At 18ac I had ‘Year in France’ (AN) in ‘region there’ (PROVENCE) = PROVENANCE. Seems okay to me.

    At 22dn REMIT (scope) becomes REFIT (transformation) when M (male) changes to F (female ) [to have a sex change].

    Not that it’s a word I have often had reason to say, but I’ve always thought MORES was pronounced “moors” so I didn’t see how the wordplay at 4dn worked. I’m sure I’m not alone in using that pronunciation but I can’t find support for it as an alternative to “more-ays” in any of the usual sources.

  2. 11:55. I thought there was some great clueing in this puzzle, though several bits I didn’t understand until reading the blog. Like Jack I didn’t know how MORES was pronounced so was left wondering how there are more S’s in two words without an S. I also didn’t understand COPLAND at time of solving, but I think PC World is brilliant. SCUT was my LOI, where I had been quite tempted by SCAT – I thought maybe division could be CAT, short for category and SCAT relates to the end of an animal. Fortunately SCUT came to me without too much ado.

    1. Doesn’t COSTA RICA have an S. But PANAMA has fewer S (0) than COSTA RICA (1) so I couldn’t get the clue to work (still got it from checkers and definition though).

  3. I fell asleep in the middle of this–no reflection on the puzzle, which was a good one–so I have no idea what my time was, but it certainly wasn’t the 54:20 I got when I clumsily clicked on the wrong button. Anyway, I parsed REFIT & PROVENANCE as Jack did. I spent a lot of time trying to think of a sharp-witted writer. I probably would have needed a lot of time to get MORES, but I had the M and ‘customs’, so it was just a question of getting the wordplay.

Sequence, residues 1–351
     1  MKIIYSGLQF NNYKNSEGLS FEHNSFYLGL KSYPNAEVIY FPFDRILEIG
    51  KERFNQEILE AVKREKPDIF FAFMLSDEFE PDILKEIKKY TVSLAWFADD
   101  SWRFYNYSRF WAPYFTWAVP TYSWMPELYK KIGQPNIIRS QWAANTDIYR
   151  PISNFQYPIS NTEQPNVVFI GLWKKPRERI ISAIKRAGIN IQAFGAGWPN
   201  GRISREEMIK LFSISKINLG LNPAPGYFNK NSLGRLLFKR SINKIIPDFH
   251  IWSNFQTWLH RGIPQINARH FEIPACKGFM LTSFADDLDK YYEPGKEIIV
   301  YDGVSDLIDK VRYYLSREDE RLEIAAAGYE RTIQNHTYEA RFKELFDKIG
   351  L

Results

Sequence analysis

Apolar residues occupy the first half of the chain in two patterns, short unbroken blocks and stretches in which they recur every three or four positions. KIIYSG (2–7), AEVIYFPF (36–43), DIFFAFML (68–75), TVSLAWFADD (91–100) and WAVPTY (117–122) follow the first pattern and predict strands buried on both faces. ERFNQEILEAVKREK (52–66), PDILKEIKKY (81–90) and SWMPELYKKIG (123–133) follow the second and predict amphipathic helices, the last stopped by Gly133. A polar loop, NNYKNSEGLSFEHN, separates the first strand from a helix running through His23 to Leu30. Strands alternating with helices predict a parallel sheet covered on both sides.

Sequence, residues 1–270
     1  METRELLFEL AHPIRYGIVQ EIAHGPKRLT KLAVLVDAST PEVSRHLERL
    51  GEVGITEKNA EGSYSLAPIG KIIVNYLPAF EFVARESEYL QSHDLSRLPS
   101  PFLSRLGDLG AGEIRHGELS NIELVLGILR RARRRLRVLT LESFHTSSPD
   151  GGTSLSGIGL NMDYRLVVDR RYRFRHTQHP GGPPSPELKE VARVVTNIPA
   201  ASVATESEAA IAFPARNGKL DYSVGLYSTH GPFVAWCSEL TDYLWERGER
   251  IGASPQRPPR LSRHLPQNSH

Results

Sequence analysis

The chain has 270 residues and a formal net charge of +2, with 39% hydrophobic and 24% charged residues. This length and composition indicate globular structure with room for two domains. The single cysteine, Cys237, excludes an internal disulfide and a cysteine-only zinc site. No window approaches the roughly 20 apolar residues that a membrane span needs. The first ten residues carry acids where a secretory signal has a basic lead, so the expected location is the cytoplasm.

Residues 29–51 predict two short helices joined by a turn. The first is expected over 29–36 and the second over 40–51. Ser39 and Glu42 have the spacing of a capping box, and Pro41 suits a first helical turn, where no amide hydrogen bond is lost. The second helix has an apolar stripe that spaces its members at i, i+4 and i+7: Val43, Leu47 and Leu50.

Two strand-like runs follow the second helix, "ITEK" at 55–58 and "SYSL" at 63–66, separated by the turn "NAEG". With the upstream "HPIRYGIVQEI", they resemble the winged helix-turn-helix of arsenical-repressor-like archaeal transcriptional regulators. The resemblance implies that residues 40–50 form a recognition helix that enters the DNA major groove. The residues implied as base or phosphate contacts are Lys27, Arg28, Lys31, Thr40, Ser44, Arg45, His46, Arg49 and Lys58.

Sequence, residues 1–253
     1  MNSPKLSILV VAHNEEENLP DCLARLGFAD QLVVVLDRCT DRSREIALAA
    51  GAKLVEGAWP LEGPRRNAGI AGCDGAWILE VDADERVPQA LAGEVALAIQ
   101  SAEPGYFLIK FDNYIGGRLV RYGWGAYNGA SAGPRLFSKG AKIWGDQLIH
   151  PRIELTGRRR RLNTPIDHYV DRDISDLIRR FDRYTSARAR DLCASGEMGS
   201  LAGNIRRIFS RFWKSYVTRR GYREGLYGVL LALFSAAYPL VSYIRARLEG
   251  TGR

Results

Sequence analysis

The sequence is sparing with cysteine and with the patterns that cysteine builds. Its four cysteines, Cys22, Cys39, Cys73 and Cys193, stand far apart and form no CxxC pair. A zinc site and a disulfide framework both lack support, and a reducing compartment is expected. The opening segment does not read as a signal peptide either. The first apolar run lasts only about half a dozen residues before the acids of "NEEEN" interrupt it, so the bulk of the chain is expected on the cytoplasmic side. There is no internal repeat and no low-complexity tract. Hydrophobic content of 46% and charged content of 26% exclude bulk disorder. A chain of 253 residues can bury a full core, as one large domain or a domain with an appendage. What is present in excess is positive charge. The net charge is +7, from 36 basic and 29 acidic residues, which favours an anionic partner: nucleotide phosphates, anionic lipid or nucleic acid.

4. I thought that this was very clever. I even managed to parse everything. PC World, good for nothing and second division game were very good but COD to REFIT.

  5. 9:17 but I stupidly negated it by entering aptitude at 26A. COD to SCUT. Cross with myself for spoiling a very enjoyable puzzle.

  6. 27 minutes with almost everything parsed, at least, finishing with SCUT. I thought SCUT was an unknown but now I come here I think I recognise the definition, so I’ve likely just forgotten it since the last time it appeared. Enjoyed the kickself moment of MORES (I think I’ve heard this aloud in “O tempora, o mores!” in various bits of pop culture, so I knew how to pronounce it, I just missed the homophone indicator and was wondering where “more S” came in…)

  7. Yes, now you mention the Latin expression, I have heard MORES pronounced as ‘more-ays’ but I don’t think I ever bothered to translate it, just vaguely knew what it was referring to, so I didn’t think of it as ‘customs’. But on the other hand, in English I have heard people refer to ‘the social moors of the day’.

  8. 12:33. Took a while to parse DOWNHEARTED, distracted I think by the OW appearing in both ‘clown’ and ‘down’. Remembered Copland’s contribution once I saw he fitted, and now vaguely recall SCUT, though didn’t while solving. Very nice puzzle.

    Thanks both.

  9. 11’50”, with all parsed.

    PROVENANCE is very clever, and there is also an allusion to ‘A Year in Provence’, a best-selling book and TV series. MORES was good too.

    Thanks pip and setter.

  10. May I ask what the ‘still’, or even the ‘valued still’, is doing in the COPLAND clue? Enjoyable puzzle, but took me way too long to get IMPETUOUS, after which the last few dominoes fell to give 43:07.

  11. 32:48

    Very enjoyable, though there were a couple of bits I didn’t get whilst in flight.

    As with Jack and others, had no idea that MORES might be pronounced any way other than ‘moors’.
    SPECTACLE – didn’t parse whilst in flight – if I’d thought of SEC for second rather than the much-more-regularly-used ‘S’ then I might have done so – doh!
    NHO SALARY = screw.

    I parsed REFIT as Jack did. LOI was SCUT which I stared at for ages before lifting and separating correctly…

    Thanks P and setter

  12. 20:12. I took ages to realise I didn’t know how to pronounce MORES wondering if there is a word MORAS. Hekd up at the end by SALARY forgetting that slang meaning and struggling with assuming S was small. I liked PC World and DOWNHEARTED. Thanks Pip and setter.

  13. Well, a DNF as I had SCAT and no idea about BATHOS. I thought it was where Australians washed themselves. Tee hee!

    Needless to say I enjoyed PROVENANCE.

    Thanks pip and setter.